3 cups lukewarm water (just above body temp)

1 1/2 Tbs granulated yeast (2 packets)

1 1/2 Tbs kosher or other coarse salt

6 1/2 Tbs whole grain wheat flour

Add 2 tsp vital wheat gluten + 1 1/4 tsp water per cup of flour (my first batch I left out this step and it turned out dense but good but I did add extra water)

Add yeast and salt to warm water in 5 quart bowl with a resealable lidd (not airtight). Don’t worry about getting it all to dissolve.

Mix in all flour at once – kneading is not necessary. Be sure to measure with dry measure cup; gently scoop up flour, then sweep the top level with the back of a butter knife. Do not tamp or shake down so as not to throw off recipe. Mix with wooden spoon until the mixture is uniform. If the mixing becomes too difficult, mix with wet hands and press the mixture together. Don’t knead!

Cover with a lid (not airtight). Allow mixture to rise at room temp until it begins to collapse or flatten on top. You may not notice this using whole wheat flour, but approximately 2 hours, depending on room temp. Longer rising time up to 5 hours will not harm the results. You can use a portion of the dough any time after this period, but fully refrigerated wet dough is easier to handle and less sticky. It is best if stored in the refrigerator over night or at least 3 hours.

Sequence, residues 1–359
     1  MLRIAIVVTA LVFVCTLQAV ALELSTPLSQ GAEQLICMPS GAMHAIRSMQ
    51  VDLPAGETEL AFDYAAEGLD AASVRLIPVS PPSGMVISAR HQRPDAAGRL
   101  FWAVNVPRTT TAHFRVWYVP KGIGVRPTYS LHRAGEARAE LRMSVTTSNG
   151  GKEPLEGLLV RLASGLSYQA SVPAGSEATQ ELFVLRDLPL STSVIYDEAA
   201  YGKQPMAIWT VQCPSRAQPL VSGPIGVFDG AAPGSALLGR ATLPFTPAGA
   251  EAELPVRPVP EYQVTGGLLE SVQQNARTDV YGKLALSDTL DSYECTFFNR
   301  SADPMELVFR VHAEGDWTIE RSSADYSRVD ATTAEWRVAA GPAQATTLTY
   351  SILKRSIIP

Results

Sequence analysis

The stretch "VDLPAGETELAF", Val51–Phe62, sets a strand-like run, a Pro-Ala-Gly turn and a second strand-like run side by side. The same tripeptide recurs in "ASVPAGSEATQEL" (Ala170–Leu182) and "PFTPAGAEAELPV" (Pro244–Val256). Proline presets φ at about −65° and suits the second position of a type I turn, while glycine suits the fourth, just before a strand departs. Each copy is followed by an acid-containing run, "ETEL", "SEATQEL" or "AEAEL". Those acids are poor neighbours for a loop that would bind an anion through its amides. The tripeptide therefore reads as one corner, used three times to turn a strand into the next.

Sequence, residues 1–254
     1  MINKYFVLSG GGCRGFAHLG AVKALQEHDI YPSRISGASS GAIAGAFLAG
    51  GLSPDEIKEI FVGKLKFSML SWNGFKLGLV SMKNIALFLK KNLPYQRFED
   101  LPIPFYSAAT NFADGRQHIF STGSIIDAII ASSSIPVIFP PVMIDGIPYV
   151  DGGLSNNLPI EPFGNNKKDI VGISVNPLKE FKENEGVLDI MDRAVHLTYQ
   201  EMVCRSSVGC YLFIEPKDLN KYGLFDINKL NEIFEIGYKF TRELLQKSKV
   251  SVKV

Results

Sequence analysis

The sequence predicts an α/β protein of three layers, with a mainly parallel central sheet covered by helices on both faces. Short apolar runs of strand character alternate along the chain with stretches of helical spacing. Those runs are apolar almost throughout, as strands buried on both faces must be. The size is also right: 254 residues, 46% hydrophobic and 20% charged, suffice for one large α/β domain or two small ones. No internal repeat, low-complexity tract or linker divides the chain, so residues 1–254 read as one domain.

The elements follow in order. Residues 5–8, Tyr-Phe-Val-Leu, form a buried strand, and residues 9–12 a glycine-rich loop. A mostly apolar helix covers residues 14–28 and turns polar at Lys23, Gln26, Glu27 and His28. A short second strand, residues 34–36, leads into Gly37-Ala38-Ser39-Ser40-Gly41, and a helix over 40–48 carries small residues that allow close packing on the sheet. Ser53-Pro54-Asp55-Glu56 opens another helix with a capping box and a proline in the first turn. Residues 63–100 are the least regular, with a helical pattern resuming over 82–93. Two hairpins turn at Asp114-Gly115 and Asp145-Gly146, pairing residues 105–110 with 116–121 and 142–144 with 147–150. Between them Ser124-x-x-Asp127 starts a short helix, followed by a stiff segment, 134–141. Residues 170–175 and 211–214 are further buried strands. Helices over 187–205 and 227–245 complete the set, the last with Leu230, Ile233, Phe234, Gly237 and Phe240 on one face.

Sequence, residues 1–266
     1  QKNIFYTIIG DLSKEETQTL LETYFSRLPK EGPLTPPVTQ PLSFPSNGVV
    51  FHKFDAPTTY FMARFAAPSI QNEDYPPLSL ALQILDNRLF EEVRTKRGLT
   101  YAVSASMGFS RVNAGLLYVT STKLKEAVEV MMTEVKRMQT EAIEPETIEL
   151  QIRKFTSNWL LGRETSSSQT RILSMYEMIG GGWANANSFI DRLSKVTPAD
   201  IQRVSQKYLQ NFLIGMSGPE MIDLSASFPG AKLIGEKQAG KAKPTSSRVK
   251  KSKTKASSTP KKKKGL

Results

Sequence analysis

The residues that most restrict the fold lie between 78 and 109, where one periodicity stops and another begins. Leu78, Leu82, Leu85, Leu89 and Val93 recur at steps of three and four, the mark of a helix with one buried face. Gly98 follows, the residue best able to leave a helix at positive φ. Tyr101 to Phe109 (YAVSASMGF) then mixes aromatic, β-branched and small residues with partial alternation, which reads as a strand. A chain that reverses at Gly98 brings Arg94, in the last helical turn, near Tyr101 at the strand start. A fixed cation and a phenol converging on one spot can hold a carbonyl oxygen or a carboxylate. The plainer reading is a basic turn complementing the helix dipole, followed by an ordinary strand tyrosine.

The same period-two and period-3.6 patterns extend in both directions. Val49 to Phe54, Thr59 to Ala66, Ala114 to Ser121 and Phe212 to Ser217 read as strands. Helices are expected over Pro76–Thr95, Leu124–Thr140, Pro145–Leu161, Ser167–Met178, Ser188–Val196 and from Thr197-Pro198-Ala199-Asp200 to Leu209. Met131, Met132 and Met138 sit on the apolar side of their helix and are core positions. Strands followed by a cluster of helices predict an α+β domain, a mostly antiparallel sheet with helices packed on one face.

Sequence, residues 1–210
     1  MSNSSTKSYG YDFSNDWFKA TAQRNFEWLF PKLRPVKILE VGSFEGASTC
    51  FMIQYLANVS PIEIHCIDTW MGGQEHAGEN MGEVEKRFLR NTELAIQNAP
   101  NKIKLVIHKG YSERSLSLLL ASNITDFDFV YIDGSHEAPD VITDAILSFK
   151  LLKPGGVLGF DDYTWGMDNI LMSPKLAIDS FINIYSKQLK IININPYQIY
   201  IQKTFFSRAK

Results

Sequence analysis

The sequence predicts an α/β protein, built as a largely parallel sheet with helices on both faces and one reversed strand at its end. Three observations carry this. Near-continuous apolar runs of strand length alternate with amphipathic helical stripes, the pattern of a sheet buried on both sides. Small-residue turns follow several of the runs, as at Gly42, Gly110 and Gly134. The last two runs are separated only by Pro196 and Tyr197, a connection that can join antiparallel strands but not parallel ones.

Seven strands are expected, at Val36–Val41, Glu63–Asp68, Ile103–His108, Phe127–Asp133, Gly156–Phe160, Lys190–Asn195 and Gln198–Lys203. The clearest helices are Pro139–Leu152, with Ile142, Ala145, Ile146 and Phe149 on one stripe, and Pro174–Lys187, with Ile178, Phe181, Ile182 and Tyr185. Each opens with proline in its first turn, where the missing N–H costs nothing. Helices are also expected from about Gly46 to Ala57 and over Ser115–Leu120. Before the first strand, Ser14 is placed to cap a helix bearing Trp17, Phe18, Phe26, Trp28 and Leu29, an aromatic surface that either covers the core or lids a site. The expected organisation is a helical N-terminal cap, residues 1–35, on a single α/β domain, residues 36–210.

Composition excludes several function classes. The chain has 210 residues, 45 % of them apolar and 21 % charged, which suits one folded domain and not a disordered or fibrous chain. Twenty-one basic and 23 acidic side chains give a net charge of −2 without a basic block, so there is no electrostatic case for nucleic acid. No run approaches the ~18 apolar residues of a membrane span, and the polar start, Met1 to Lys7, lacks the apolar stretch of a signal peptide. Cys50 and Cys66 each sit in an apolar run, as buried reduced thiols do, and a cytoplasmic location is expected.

Baking Day

Sprinkle the surface of refrigerated dough lightly with flour (I used WW flour that I re-ground in my coffee grinder). Pull off a 1 lb. piece of dough (size of a grapefruit). If needed, you can cut it free with a serrated knife. Hold dough in hand and add a little more flour as needed so it won’t stick to hands. (Sorry, with WW dough, it will stick). Pull or stretch four corners and tuck under to form a ball. The final product should be smooth and cohesive. (WW is not that smooth.) Transfer loaf to a pizza peel sprinkled with cornmeal.

This is how slashed dough should look. You can also use parchment paper instead of cornmeal. I will try this next time to keep from having burnt cornmeal smell in the kitchen. (photo from

Dust and slash. Dust the top liberally with flour and slash a 1/4 inch deep cross, scallop or tic-tac-toe pattern into the top using a serrated knife.

Let rest for 40 minutes.

20 minutes before baking, preheat oven at 450 (I burnt my first loaf so lowered to 425), with a pizza stone and empty broiler pan under the rack with the stone.

When timer goes off, transfer loaf from pizza peel to stone and immediately pour 1 cup of hot water in broiler pan. Shut door and cook for 30 minutes or until the bread is golden brown. The cornmeal will burn, so try not to open door too soon or steam will escape.

When you remove bread from oven it will audibly crackle, or “sing”. (mine didn’t do this as I cooked it too long.

typical artisan bread, from – this one was made with white flour

It says to let cool completely on wire rack, but I was in a hurry the first time and cut it about 5 minutes out of the oven and it was good.

The remaining dough can be stored in refrigerator for up to 14 days. The older it gets, the more of a sour dough quality it will gain. When depleted, don’t wash the container and remix the next batch. The container will retain the “sour dough” quality as a starter for the next batch.